(Home News photo by Dick Costello)
I have the (pick an adjective) distinction of being only the second journalist to interview Jimmy Carter after he left office in early 1981. The first, Carter told me, was Helen Thomas, the long-time White House correspondent who resigned under pressure today after making astonishingly offensive comments to the effect that “the Jews” should get the hell out of “Palestine” and go “home” to Germany and Poland.
But enough about Helen Thomas. That handsome young fellow on the right in the photo is me, nearly 30 years (and 40 pounds) ago. You’ll recognize Jimmy, and of course the other two guys are Secret Service. I was frankly surprised that I got as close to the former President as I did without being frisked, or at least asked to open my coat. This was before Reagan was shot, but after the unsuccessful attempts on President Ford.
I was a recently minted Princeton graduate working as a cub reporter at The Home News, a small (but high-quality!) daily newspaper in New Brunswick, NJ. Carter was visiting Princeton to check out potential colleges for his daughter Amy, and we had heard that his habit was to go out for a run in the early morning hours. Princeton bordered on towns in our circulation area — close enough to authorize mileage reimbursement for a long-shot assignment. The assignment editor said he picked me because I knew the campus, but I suspect it had more to do with the 6 a.m. start time and my lack of seniority.
Carter stayed at one of the gated mansions the university owns just off campus (for Princeton buffs, it was either Palmer House or Lowrie House, I forget which). There were two gates to the property, and I walked back and forth from one to the other, sometimes stamping my feet to stay warm. I’m pretty sure it was in March. Between my Princeton loans and my unprincely salary, generic white sneakers were the best I could do for footwear.
All of a sudden the gate swung open — the gate I wasn’t at, of course — and Carter walked out with his bodyguards. I trotted over, told him my name and affiliation, and said I had recently graduated from Princeton. He said something like, “good, you can give me a tour, then.” Turns out he had forgotten his running shoes, so we walked. Much better for note-taking.
About that time Dick Costello arrived. He was the paper’s senior photographer, and he took the photo. These days he would upload it wirelessly to the paper’s FTP site, but on that day he grinned and waved and dashed for his car, hoping he had something in focus as he raced up Route 1 to swish smelly chemicals in a darkened room.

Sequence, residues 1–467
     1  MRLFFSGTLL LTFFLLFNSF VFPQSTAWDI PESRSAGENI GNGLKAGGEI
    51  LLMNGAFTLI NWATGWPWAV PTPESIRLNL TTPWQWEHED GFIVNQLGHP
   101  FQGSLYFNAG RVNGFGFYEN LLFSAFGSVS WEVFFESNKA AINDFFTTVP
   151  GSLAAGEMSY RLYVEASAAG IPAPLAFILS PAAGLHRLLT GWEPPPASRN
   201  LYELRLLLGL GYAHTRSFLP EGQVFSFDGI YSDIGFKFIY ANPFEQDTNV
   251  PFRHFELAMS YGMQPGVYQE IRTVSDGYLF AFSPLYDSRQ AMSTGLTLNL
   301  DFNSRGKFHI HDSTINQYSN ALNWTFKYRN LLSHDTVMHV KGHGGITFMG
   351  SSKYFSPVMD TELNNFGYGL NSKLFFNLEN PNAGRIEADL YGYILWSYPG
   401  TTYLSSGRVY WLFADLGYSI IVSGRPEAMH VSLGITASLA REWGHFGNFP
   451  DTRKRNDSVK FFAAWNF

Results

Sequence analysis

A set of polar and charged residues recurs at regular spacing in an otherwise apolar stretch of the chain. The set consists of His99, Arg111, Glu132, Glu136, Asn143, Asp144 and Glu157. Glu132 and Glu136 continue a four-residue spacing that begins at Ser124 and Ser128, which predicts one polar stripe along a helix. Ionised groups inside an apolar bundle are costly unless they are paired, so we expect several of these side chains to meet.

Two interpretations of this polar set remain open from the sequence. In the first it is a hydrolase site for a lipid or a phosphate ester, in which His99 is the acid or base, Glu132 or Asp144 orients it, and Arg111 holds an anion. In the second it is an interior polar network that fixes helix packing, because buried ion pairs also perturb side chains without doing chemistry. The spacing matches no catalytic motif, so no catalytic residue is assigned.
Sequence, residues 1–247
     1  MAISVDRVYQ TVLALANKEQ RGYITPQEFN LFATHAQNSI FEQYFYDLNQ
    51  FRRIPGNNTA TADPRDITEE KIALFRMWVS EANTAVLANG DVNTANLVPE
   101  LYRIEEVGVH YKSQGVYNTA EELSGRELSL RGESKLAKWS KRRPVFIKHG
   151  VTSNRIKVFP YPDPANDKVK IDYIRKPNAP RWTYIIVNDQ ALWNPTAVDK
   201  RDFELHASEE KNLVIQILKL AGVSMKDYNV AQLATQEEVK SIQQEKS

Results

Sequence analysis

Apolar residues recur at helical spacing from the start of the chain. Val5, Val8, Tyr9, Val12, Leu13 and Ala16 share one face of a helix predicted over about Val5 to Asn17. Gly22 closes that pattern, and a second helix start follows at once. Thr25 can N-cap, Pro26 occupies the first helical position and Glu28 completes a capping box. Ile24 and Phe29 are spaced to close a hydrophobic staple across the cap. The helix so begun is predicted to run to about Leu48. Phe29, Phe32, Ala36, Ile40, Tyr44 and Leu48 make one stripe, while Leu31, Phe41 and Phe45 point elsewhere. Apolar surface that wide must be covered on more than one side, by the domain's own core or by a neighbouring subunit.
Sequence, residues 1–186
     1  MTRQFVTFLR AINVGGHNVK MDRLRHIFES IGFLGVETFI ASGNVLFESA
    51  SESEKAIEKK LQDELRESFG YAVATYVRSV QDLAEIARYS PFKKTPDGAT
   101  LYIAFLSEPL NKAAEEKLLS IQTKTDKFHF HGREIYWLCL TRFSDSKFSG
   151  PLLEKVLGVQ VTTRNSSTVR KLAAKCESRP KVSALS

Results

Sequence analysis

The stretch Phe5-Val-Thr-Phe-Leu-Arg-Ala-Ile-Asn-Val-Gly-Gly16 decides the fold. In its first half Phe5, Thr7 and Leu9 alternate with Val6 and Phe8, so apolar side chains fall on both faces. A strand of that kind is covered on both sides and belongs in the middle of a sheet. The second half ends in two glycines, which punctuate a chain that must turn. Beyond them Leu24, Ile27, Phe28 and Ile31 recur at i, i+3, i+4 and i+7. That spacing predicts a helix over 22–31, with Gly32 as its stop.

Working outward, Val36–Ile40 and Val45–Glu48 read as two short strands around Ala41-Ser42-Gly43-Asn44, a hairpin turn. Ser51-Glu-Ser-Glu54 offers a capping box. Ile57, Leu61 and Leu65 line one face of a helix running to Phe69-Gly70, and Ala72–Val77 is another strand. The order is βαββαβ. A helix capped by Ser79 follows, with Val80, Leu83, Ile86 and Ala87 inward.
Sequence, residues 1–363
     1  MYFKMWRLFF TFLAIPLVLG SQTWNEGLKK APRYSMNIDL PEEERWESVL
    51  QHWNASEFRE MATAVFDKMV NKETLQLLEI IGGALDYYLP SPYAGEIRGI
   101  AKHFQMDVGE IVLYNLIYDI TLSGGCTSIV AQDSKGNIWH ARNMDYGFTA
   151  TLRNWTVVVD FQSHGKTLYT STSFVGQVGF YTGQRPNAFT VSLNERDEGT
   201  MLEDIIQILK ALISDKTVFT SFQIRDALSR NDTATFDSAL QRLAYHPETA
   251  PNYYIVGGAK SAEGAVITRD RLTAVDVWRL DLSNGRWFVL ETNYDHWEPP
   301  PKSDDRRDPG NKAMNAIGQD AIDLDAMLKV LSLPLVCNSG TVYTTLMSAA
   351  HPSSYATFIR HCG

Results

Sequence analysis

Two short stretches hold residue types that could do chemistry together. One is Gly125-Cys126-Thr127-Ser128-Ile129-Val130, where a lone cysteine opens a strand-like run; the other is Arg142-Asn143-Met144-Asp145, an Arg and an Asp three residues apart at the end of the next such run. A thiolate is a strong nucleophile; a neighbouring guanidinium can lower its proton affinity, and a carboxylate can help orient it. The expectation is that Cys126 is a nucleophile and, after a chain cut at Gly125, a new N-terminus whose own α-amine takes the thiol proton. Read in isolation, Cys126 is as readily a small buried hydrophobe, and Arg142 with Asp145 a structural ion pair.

We crossed Nassau Street… strike that.
The former President and I crossed Nassau Street — probably at the light, although I certainly would have jaywalked if I were alone — and walked through the FitzRandolph Gates in front of Nassau Hall. I can’t remember whether I had the presence of mind to tell him that Nassau Hall briefly was the seat of the fledgling United States government during the Revolutionary War. I do remember telling him, in my role as tour guide, that “these are mostly dormitories” around us. I think I said that twice. (Holy crap, this guy was President just a few months ago!)
Despite the passage of time, I’m kind of astonished at how little I remember of our walk. I had voted against the man twice (John Anderson in 1980 and… um… Eugene McCarthy in 1976). The previous spring, after shedding the objectivity shackles of my work for the student newspaper, I had marched in demonstrations protesting Carter’s decision to reinstate registration for the draft.
All that was as if it had never been. I was star-struck. I was 22.
The Home News was one of the last afternoon papers in the country, and the front-page deadlines were in the early morning. I found a pay phone and called in a few factoids in time for the One-Star Edition, then I headed for my own car.
As soon as I walked in to the newsroom I started hearing murmurs. He didn’t ask this, he didn’t ask that. He got nothing. What a wasted opportunity. My self-esteem meter was perpetually frozen in the “I suck” position, and it didn’t take much to deflate me.
I was asked to write a second-day, “I-interviewed-Jimmy-Carter” article, and I turned in a draft that focused on how much I suck. I can still remember Tom Hester, the City Editor, holding the delete button while a couple of self-rebuking paragraphs scrolled off the screen. “Listen, these guys didn’t get the story. YOU got the story.”
I think the clips are up in the attic somewhere, but I’m not up for confronting whatever else lurks in those boxes. (The photo has been hanging on my dining room wall since I rediscovered it a decade ago.) I remember I asked Carter if he ever planned to run for office again, and I solemnly reported (for the first time!) that he said he would not. If I’d thought about it, I could have fleshed out the story by saying that he also had no plans to join the Apollo space program or try out for the Mets.
Jimmy Carter went on to become either the best ex-president in history or the worst, depending on whom you ask. Amy went to Brown University. The Home News merged first with The News Tribune of Woodbridge and then with the Courier News of Somerville. The combined operation sells fewer papers than The Home News alone sold in 1981 — although it still dwarfs my blog readership. “Cos” retired a few years ago, and I got to catch up with old friends at his retirement party. Hester graduated to the Star-Ledger of Newark, where he won a piece of a Pulitzer covering Gov. Jim McGreevey’s resignation in 2005. I’ve made some progress with my self-esteem issues.
And Helen Thomas, whom Taranto has consistently described as “American journalism’s crazy old aunt in the attic,” is approximately four times as old as I was that day in 1981, although less than twice as old as I am now. I have no idea what that signifies, but it seemed to make sense to close with something about her.